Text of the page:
In just a couple of weeks, Florida K-12 schools will begin the annual grueling three-month stretch of administering mandatory statewide student assessments.
But next year, those tests might not happen until the end of the school year, if lawmakers pass a proposal this spring to reform Florida’s lengthy testing schedule.
Miami Republican Sen. Anitere Flores said lawmakers have “heard loud and clear from parents, from teachers, from students” about “over-testing and the over-emphasis of testing,” so that’s why she and Republican Reps. Manny Diaz Jr., of Hialeah, and Chris Sprowls, of Palm Harbor, want to shift all assessment tests to the final three weeks of the school year, starting in 2017-18.
They hope their plan — the “Fewer, Better Tests” bill — will reduce the stress and anxiety that teachers, parents and students grapple with during spring testing time.
“Seeing firsthand the angst and all the scrambling, the biggest impact that can be had is pushing back the calendar,” Diaz told the Herald/Times.
The legislation (SB 926/HB 773) formally unveiled Wednesday, does not eliminate any standardized test, but lawmakers and stakeholders said it could reduce the number of local tests that school districts impose because they don’t get state test results back fast enough to quickly assess student progress.
“It’s about really putting some common sense into our whole testing situation overall,” said Diaz, the House’s K-12 education budget chairman this year, who is a former high school teacher and administrator in Miami-Dade Public Schools and now chief operating officer at Doral College.
Besides shifting all testing to the end of the school year, the legislation would require results from the Florida Standards Assessments to be returned to teachers within one week so teachers can actually have time to act on them. And it would require a more understandable report be sent to parents of what each student’s results mean, so they, too, can take steps to help their child.
Flores said that “somehow the state of Florida went off the path when we had this really great idea on the issue of accountability,” but she also told reporters the reforms proposed this year are “absolutely not” an admission by Republicans that assessment testing has gone too far.
The education accountability system the state uses today, which ties student assessment scores to school grades and funding, was spearheaded under Republican leadership — specifically that of Gov. Jeb Bush.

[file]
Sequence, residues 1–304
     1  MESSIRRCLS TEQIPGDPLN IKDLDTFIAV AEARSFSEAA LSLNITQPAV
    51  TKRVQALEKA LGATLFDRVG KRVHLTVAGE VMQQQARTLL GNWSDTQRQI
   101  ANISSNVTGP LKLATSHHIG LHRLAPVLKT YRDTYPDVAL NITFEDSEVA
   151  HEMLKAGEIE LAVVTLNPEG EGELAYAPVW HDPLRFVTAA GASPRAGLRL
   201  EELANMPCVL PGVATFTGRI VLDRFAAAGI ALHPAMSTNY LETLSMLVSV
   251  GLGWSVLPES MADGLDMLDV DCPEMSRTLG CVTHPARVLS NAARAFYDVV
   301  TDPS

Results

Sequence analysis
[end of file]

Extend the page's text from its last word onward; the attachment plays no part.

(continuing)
Flores said the technology didn’t exist during Bush’s tenure to hold all exams at the end of the year and guarantee results were returned almost immediately, as lawmakers propose now.
“It’s an acknowledgment of the fact that we can always do better,” Flores said, adding that “there’s finally a sense of political will” to put that into action.
She said the proposal was developed, in part, with help from the Bush-founded Foundation for Florida’s Future and other partner groups. The legislation also has support from several conservative-leaning organizations, including the Florida Chamber, the James Madison Institute and the Florida Coalition of School Board Members.
“Our school board members believe that teachers should have more time to teach, students should have more time to learn, and parents should be provided with meaningful results to allow them to take effective actions on behalf of their students,” the coalition said in a statement.
The testing reform proposal also draws on a big conversation point from the 2016 session: Whether the SAT/ACT can be used as an alternative to the FSA high-school students take, which might prevent potential duplication and extra testing.
Under the bill, Florida Education Commissioner Pam Stewart would be required to study this year if it is even feasible — specifically whether the SAT/ACT “align” with the high school-level English and math standards Florida requires under its version of Common Core, which the FSA assesses for each student.
“Let’s look at what it really means,” Diaz said. “So if it’s not realistic, we don’t have this mythical conversation and so we have a real discussion about how to improve our accountability system and testing.”
Stewart had opposed last year’s efforts in the Senate to allow the SAT/ACT to be an alternative to the FSA, because she argued that they didn’t necessarily test the same proficiencies.
She told the Herald/Times on Tuesday she had yet to fully review this year’s testing reform legislation, but she supports the component calling for a study on the viability of alternative tests.
“We would need to make that sort of analysis and comparison to be sure,” Stewart said, “because you don’t want to be teaching students one thing and assessing them on something else. You not only don’t want to do that, you shouldn’t do it and legally you can’t do it.”
The bill does not address other potential alternative tests, such as whether Advanced Placement exams could be used in lieu of required end-of-course tests. Flores said that “could be a next step.”
To implement the scheduling reforms, the legislation — if enacted — would require some renegotiation with the state’s testing vendor, American Institutes for Research. The state hired AIR in 2014 to develop and administer the FSA, which replaced the FCAT 2.0.
AIR’s $220 million contract is in its third year and then goes into a period of one-year renewals, Diaz said, so the timing works for such talks.
“I wouldn’t want to put them in a bind,” Diaz said. “We need to have real answers before we move on it.”//